Woodberry Kitchen: Baltimore, MD, USA
I have heard a lot of good things about Woodberry Kitchen, mostly that it is supposed to be among the best in Baltimore. The first farm-to-table restaurant in this city, it set the trend for all the other fancy restaurants that came to be in Baltimore. At the same time, I was also told to lower my expectations by a closer friend of mine, perhaps the oldest friend that I have here in B’more. Thankfully I did. This wasn’t to say that Woodberry Kitchen wasn’t good because it was. However, as my friend said, “Don’t expect to be wow’d, especially knowing you and what you’ve eaten.” Truth be told, I wasn’t impressed by the menu when I first checked it out online. In fact, I was going to only order a few small plates and call it a night, but when with friends, you do what foodies do. You order and you eat. Things we had included:
- hand-pulled mozzarella, tomato jam and rocket pesto, toasts
- summer cantaloupe, rock salt, basil
- deviled eggs
- seared scallops, rice grits
- softshell crab, toast, cucumber-tomato salad
- Rhub-berry cobbler with quark cheese ice-cream
Hand-pulled Mozzarella, Tomato Jam and Rocket Pesto, Toasties: probably my favorite of the appetizers
- perfect flavor combination: that rocket pesto and tomato jam perfectly complements the hand-pulled mozzarella
- perfect amount of toasts for 3 which just happened to be our table: I think they planned it out this way though
- arugula was amazingly fresh
- too little jam, it was that good
- would prefer buffala versus hand-pulled mozzarella: the hand-pulled version is much better than your standard ball of fresh mozzarella because it’s a little softer, but for all the blend of favors to go on the toast slice, I’d much rather have that nice oozy cream of the buffala.
Summer Cantelope, Rock Salt: my second favorite, only because I really like the sweetness of this cantaloupe.
- good combo: rock salt goes well – this is very similar to an Italian appetizer I like to make with cantaloupe and prosciutto. The only difference is that I can never find canteloupe that are this ridiculously sweet. As my friend C said, it’s almost like you picked it straight off the ground in California, where a majority of the cantaloupes in this country come from.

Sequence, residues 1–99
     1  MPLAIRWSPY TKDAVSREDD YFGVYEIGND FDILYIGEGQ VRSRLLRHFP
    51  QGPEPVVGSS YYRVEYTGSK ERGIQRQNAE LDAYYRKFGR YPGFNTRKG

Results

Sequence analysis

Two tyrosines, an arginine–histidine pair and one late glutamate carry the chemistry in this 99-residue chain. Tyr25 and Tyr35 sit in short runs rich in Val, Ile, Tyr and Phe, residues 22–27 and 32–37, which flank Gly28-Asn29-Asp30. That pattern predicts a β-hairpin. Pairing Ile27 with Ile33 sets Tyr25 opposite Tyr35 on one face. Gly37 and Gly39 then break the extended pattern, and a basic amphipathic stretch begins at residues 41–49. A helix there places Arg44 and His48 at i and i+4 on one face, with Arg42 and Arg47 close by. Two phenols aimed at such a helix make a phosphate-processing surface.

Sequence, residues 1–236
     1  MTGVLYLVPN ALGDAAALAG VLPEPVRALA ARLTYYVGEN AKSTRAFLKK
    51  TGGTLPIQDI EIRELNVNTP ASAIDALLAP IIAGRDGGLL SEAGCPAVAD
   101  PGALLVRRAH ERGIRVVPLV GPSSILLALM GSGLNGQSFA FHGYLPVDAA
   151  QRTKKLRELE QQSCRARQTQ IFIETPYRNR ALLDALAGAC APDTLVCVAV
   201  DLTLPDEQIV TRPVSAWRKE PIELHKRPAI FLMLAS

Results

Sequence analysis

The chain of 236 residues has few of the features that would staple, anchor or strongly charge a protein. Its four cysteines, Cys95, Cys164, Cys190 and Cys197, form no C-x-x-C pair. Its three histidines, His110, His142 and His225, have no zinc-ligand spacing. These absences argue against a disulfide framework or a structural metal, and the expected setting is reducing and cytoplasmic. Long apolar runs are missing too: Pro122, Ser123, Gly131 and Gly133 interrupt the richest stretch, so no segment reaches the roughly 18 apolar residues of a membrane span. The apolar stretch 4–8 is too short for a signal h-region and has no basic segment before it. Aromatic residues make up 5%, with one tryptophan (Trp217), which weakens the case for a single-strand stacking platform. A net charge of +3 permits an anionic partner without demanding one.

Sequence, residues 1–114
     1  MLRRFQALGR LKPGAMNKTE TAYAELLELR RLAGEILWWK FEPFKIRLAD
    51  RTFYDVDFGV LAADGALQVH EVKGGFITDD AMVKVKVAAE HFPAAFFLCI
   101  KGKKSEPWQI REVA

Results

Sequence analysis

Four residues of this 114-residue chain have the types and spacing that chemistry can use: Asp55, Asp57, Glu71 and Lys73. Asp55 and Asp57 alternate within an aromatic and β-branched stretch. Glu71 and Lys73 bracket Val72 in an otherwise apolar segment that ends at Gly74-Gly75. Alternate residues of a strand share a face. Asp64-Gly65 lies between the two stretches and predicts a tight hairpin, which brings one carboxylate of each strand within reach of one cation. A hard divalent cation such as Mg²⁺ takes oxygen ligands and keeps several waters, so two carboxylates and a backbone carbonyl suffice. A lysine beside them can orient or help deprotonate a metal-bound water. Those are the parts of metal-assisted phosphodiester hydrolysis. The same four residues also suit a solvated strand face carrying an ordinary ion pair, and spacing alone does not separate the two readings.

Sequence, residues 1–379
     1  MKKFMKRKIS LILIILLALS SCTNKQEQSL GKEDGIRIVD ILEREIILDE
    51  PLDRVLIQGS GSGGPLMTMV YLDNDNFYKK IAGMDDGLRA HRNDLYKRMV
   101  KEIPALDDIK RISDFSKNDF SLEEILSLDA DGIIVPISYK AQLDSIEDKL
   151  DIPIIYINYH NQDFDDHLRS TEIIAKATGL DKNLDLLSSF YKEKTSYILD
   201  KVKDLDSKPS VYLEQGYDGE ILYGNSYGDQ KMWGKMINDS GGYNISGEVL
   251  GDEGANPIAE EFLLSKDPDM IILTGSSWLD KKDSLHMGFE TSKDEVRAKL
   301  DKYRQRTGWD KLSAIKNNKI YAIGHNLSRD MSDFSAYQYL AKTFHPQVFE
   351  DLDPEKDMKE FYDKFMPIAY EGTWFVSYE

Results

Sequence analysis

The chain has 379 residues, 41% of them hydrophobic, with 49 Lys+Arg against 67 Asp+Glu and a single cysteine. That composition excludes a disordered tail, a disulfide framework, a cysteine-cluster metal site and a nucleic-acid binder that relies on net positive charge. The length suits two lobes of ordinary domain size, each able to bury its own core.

- price: I’m not so sure I like the idea of paying $6 for 3 slices of cantaloupe.
- good creaminess to the yolk, not overly “runny”
- nice presentation: never thought to pipe out the yolk filling.
- I almost felt like the yolk-mixture went bad because it was more tart and sour than I expected. Perhaps it was the amount of mayo that went into the yolk, but I was taken by surprise. In addition, I tend to like my deviled eggs a bit more well, spiced rather than “mayo’d”.
Seared Scallops and Rice Grits: truth be told, I was so hesitant about rice grits. Yes I’ll say it, I’m a southern snob and grits to me mean something that I can get in a 3lb bag for $4 and make several meals and make them tasty nonetheless. Therefore, to pay $30+ for what appeared to be 4 scallops on a bed of rice grits just didn’t seem right. Also…rice grits??
- Rice grits were done well: nice flavor, went well with the scallops
- Scallops were “melt-in-your-mouth”, probably because they weren’t completely cooked all the way in the center, at least my piece wasn’t. I’m okay with this since I happen to love sushi, but I don’t know if everyone would like this.
- scallops only seared on one side: I like the char on both – it’s what brings out the flavor in the center. It also takes a bit more skill I believe to get a good sear on both sides without over-cooking the scallop
- rice grits were essentially what I thought and confirmed to be fancied up Chinese rice congee (porridge) and I’ve had better at some of the good dim sum restaurants in Toronto or Asia even.